Members of the campus community played Italian Tombola Bingo, ate Spanish Polvoróns, learned how to pronounce their names in Chinese, savored snacks from South Korea, danced to Afrobeats, and learned about study abroad opportunities all during Wesleyan’s annual International Education Week (IEW) celebration.
“International Education Week is a dedicated time for students, faculty, and staff to recognize the many ways in which we can engage meaningfully in intercultural learning and understanding at Wesleyan,” said Hannah Parten, assistant director, study abroad, for the Fries Center for Global Studies. “The 2021 event focused specifically on ways to emerge from the pandemic with a greater sense of interconnectedness, self-awareness, and empathy.”
IEW, held Nov. 13-19, was celebrated through a series of more than 20 globally-focused events. The PINOY Club—a group of Filipinos, Filipino-Americans, and Filipino-culture enthusiasts—offered a sampling of Filipino dishes; the African Student Association hosted an Afrobeats Dance Class showcasing fun and energetic moves from all over Africa; the Office of Study Abroad held an interactive session about the benefits of studying in another country; and the Patricelli Center for Social Entrepreneurship offered a virtual session on ways to take action on social and environmental issues through grassroots organizing, activism, fundraising, and more.
Participants also were treated to an Italian Game Night, Chinese Name Pronunciation Workshop, and a screening of the Greek box-office hit “A Touch of Spice” and the Indian Hindi-language comedy “Zindagi Na Milegi Dobara.”
International Education Week concluded with a Wes Stories— a multilingual event showcasing talented students on campus through songs, spoken stories, dances, speeches, and other creative performances, and an International Festival of Games, hosted by the Foreign Language Teaching Assistants (FLTAs).
In addition to activities, IEW provided the Fries Center for Global Studies an opportunity to celebrate the return to study-abroad programs, which were suspended during the COVID-19 pandemic.
Although some countries still have travel restrictions, 30 students are currently studying abroad this fall in countries such as Spain, France, Italy, and the United Kingdom.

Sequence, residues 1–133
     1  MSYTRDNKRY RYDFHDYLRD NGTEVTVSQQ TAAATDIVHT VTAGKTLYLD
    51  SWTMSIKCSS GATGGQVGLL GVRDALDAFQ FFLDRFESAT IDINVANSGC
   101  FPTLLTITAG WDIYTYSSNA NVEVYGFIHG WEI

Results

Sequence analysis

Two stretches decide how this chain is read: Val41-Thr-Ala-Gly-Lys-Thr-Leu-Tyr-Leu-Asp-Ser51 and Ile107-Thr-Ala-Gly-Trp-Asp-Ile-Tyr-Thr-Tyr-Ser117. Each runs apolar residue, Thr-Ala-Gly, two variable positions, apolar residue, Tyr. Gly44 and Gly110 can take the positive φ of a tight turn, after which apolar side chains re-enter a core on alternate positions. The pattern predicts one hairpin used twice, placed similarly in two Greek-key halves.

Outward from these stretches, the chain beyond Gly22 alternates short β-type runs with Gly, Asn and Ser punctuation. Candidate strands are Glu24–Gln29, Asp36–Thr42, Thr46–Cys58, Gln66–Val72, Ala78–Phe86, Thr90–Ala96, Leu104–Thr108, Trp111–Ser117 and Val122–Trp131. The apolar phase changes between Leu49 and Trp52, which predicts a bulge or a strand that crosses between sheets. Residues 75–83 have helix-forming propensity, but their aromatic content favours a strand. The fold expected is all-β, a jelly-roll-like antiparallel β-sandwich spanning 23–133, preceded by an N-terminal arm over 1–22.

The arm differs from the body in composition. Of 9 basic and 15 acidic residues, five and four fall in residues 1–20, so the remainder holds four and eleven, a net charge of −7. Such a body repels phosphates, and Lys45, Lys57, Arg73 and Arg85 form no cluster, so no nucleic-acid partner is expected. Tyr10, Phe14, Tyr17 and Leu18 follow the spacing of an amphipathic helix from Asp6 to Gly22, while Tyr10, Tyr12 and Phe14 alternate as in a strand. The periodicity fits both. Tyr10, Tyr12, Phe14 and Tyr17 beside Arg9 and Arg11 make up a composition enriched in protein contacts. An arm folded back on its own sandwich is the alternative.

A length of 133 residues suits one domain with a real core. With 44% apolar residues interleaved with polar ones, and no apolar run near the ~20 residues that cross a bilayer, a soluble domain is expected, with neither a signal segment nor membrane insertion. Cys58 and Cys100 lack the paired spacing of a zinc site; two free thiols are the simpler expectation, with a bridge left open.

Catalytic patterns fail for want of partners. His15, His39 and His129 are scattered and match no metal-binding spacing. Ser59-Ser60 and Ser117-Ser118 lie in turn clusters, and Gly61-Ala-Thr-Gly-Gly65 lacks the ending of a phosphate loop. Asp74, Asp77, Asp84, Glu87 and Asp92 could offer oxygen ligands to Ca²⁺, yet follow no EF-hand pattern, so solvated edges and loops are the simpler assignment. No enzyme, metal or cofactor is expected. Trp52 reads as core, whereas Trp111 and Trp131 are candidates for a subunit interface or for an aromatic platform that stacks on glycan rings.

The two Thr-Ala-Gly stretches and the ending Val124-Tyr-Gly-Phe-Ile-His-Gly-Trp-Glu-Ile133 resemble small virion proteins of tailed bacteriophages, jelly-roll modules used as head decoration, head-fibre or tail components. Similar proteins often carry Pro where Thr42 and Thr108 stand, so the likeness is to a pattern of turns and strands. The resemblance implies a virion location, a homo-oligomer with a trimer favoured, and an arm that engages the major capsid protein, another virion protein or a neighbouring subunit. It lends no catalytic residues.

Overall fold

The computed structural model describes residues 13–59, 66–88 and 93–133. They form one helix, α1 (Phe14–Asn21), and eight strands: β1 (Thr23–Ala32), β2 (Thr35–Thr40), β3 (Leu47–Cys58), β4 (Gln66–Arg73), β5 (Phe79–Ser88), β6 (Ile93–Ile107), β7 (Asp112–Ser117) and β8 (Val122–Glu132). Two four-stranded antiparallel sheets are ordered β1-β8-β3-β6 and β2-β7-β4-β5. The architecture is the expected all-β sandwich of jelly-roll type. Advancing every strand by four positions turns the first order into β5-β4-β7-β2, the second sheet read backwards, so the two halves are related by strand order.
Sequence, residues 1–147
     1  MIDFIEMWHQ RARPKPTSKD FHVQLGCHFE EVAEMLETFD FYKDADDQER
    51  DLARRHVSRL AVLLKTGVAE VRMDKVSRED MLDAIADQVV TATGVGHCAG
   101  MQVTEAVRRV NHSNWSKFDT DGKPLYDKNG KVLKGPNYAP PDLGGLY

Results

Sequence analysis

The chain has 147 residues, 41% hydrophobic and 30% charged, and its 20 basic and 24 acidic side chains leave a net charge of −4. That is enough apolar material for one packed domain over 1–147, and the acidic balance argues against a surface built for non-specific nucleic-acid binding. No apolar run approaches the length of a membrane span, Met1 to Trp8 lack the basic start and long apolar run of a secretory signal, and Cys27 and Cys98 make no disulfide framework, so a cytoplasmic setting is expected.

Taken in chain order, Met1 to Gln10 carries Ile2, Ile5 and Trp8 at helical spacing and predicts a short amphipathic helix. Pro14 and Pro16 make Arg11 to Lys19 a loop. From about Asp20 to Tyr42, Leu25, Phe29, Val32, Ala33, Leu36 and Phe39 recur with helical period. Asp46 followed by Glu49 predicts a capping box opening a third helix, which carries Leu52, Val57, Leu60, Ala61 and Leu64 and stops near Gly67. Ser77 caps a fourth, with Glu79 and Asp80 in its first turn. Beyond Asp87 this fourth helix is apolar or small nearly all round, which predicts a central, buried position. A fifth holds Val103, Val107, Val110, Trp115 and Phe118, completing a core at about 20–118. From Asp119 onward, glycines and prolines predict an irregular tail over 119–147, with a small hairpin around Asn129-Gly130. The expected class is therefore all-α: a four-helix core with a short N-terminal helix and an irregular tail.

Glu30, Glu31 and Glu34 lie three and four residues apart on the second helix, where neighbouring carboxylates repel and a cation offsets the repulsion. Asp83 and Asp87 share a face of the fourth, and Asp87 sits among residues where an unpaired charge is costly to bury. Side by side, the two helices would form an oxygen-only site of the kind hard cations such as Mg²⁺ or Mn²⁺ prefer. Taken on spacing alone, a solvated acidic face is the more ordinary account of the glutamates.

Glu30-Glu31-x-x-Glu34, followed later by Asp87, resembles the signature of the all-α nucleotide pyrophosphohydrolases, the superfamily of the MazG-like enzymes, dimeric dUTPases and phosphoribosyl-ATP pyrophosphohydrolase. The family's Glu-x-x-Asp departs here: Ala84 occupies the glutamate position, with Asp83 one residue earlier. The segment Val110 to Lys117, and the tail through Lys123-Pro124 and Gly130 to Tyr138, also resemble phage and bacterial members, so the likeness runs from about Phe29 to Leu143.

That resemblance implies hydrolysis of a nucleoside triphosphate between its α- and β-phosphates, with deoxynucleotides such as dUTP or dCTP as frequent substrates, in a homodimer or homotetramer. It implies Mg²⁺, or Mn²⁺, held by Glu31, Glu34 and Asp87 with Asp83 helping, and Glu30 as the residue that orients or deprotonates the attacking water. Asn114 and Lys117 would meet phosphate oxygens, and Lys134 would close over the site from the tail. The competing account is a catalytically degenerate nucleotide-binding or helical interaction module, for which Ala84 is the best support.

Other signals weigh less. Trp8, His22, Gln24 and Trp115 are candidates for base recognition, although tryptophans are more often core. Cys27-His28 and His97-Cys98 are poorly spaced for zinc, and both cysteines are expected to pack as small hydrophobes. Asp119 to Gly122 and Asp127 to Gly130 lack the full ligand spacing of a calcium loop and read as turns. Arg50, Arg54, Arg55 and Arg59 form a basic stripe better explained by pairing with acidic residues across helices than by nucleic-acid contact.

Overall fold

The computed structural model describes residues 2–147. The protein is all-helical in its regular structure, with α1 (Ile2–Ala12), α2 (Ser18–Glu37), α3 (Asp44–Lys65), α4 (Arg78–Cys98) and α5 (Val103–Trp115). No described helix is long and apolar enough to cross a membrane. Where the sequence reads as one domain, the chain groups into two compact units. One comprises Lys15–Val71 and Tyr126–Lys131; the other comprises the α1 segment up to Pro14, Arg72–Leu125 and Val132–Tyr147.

According to Emily Gorlewski, director of study abroad, 152 students have already applied for spring semester study abroad programs.
“(After the pandemic), there was a lot of initial interest,” she said. “We normally have about 100 in the spring. However, there has been much more attention than usual.”
In a “normal” academic year, Wesleyan sends about 325 students abroad. Students travel to programs on six continents, in all different countries.
“Going abroad changes your perspective in so many different ways, and this is the only time in your life you will be able to participate in this kind of experience,” Gorlewski said. “There are lots of opportunities on campus to learn about the world and other cultures, but studying abroad is a unique opportunity.”
Study abroad also allows students to engage with and learn from the world and its cultures. “A meaningful cross-cultural experience sharpens our understanding of ourselves in relation to the world in which we live,” Parten added.
IEW is a joint initiative of the U.S. Department of State and the U.S. Department of Education. It aims to promote programs that prepare Americans for a global environment and attract future leaders from abroad to study, learn, and exchange experiences. Wesleyan’s first organization of IEW was in 2017, one year after the Fries Center for Global Studies (FCGS) was formed.
“Every fall Wesleyan’s IEW committee convenes to discuss our goals for the year and remind ourselves of our ‘why,'” Parten said.
Photos of various 2021 International Education Week activities are below: